The African Wild Cat
The African wildcat (Felis silvestris lybica) is a subspecies of wildcat that is widely distributed throughout Africa and it is the most numerous of the cat species.
Fossils of these felines found amongst human burials in Cyprus date back 10 000 years and it is believed that the wildcat is the ancestor of all domestic cats. Today interbreeding between domestic cats and wild cats is common, so pure wild cats are usually only found in protected areas such as nature reserves.
It is this interbreeding that poses the greatest threat to survival of the species and any cat found within a nature reserve is removed for this reason.
African Wild cats closely resemble their domestic relatives, except for their reddish ears, longer legs, and a noticeably more upright posture when sitting down.
These felines are only about 40cm tall on average and weigh between 3.2 and 4.5 kg each. Their coats are sandy brown with black striping on the legs and back, and some spotting on the flanks. Black facial stripes and neck stripes are also featured.
Africa wild cats pursue and eat mice, rats and other small rodents, but will also eat fish, birds, reptiles, amphibians, and insects if it can get its paws on them. The most common method of securing a meal is by stalking the prey to within about a metre and then pouncing.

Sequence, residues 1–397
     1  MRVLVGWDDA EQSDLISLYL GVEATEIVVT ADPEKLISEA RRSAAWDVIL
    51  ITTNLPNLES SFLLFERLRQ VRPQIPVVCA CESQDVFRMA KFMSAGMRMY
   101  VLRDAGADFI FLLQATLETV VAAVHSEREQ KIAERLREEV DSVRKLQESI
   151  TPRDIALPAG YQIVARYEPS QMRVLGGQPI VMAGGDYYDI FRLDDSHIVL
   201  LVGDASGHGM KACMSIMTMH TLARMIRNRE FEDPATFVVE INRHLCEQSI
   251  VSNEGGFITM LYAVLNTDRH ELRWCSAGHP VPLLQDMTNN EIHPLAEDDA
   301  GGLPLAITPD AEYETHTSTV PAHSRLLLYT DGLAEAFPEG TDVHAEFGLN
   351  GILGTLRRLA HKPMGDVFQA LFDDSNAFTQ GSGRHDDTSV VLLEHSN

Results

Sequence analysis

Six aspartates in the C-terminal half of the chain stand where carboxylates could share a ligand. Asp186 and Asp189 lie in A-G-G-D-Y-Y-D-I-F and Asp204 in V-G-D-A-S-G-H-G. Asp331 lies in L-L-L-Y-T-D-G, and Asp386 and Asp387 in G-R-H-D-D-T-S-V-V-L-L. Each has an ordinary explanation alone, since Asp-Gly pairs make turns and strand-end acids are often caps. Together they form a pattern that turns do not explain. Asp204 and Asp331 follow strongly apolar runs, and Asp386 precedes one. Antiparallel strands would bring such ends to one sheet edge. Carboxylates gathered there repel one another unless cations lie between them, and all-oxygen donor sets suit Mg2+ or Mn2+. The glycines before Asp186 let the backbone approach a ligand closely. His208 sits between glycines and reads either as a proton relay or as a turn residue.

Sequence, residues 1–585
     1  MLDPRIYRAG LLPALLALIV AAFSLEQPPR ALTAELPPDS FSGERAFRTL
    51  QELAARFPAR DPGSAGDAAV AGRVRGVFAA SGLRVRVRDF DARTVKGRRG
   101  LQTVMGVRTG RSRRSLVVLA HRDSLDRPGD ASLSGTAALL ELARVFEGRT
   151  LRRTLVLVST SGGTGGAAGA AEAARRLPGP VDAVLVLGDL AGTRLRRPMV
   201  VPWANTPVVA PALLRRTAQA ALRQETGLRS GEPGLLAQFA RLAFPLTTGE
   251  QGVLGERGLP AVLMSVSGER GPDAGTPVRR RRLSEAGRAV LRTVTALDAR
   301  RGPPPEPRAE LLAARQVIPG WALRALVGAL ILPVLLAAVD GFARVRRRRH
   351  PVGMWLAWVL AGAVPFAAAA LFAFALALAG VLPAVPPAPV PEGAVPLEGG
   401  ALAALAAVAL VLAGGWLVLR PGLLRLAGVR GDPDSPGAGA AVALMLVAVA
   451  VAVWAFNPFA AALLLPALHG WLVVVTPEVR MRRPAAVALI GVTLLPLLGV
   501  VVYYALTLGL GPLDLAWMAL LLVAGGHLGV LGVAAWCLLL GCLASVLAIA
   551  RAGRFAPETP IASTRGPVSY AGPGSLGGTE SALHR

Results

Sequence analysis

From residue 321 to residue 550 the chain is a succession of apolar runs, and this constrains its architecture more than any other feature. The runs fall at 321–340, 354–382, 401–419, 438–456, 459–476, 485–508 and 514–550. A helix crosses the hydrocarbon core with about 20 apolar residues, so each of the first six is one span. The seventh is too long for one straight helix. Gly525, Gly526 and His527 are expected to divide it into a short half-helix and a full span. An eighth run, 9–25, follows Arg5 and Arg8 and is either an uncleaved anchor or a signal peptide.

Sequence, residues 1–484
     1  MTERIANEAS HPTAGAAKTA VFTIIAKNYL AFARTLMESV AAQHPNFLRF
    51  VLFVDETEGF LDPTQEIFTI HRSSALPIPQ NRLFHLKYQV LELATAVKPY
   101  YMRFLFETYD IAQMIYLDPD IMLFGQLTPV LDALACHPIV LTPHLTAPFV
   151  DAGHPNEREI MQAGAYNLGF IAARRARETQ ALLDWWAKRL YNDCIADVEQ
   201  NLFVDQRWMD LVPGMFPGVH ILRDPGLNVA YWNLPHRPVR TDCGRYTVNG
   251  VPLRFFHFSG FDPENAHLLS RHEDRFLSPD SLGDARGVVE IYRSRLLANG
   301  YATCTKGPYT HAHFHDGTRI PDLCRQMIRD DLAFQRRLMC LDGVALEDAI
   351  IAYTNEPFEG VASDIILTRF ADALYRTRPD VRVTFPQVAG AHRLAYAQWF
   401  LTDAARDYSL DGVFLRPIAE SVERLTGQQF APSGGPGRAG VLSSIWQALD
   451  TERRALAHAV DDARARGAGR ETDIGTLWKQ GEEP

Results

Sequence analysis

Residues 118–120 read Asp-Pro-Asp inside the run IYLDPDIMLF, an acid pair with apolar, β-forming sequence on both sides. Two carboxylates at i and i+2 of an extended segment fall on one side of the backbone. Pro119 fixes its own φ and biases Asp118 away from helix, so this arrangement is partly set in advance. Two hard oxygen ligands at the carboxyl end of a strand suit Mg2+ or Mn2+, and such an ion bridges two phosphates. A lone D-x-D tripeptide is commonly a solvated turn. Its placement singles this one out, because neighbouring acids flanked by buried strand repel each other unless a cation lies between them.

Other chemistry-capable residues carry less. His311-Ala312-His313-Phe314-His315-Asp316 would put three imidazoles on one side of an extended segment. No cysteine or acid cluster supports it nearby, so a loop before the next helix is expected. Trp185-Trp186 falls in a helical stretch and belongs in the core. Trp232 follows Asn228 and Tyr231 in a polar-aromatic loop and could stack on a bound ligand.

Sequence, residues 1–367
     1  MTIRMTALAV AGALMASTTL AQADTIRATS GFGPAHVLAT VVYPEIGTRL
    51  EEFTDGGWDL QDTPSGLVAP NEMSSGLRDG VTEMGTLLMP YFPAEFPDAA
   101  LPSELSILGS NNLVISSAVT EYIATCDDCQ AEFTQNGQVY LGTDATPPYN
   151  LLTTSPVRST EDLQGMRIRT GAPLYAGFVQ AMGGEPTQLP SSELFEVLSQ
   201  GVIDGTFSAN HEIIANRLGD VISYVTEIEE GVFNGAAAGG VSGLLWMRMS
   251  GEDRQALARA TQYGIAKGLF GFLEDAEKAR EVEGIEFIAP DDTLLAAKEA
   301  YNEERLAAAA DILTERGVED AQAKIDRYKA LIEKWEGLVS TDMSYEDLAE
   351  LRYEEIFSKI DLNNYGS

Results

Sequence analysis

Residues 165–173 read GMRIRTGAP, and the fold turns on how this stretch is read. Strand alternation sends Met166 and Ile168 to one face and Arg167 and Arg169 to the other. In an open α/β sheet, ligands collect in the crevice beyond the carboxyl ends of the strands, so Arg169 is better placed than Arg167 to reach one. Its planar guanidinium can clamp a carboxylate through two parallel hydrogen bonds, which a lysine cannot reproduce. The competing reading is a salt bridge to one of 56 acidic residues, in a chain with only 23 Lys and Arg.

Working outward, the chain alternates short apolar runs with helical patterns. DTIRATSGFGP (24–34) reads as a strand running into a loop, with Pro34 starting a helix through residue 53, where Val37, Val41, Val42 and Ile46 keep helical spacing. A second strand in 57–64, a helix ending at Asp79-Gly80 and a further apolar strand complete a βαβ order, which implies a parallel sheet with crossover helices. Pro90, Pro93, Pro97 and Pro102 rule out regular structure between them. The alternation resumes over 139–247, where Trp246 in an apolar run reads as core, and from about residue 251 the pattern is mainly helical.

They are solitary animals and seldom socialise with one another, except during the mating season.
Gestation is 56 to 60 days in the African wild cat and between two and five kittens are usually born in a burrow in the ground, during the rainy season. Born blind and helpless, the kittens' eyes take about 10 days to open, and they are up and about by five weeks. Mother cat will teach them how to hunt from about 3 months old and they leave her side at the age of 5 months old, growing to their full size in a year.
Although the African wild cat is listed as Least Concern by the IUCN, it is rarely seen in the wild, due to its nocturnal habits. Your best chance at spotting one of these tabby-cat like creatures is on a night drive and even then chances are slim because of their elusive natures and small size. On occasion they may venture forth during the day time if the weather is very cold.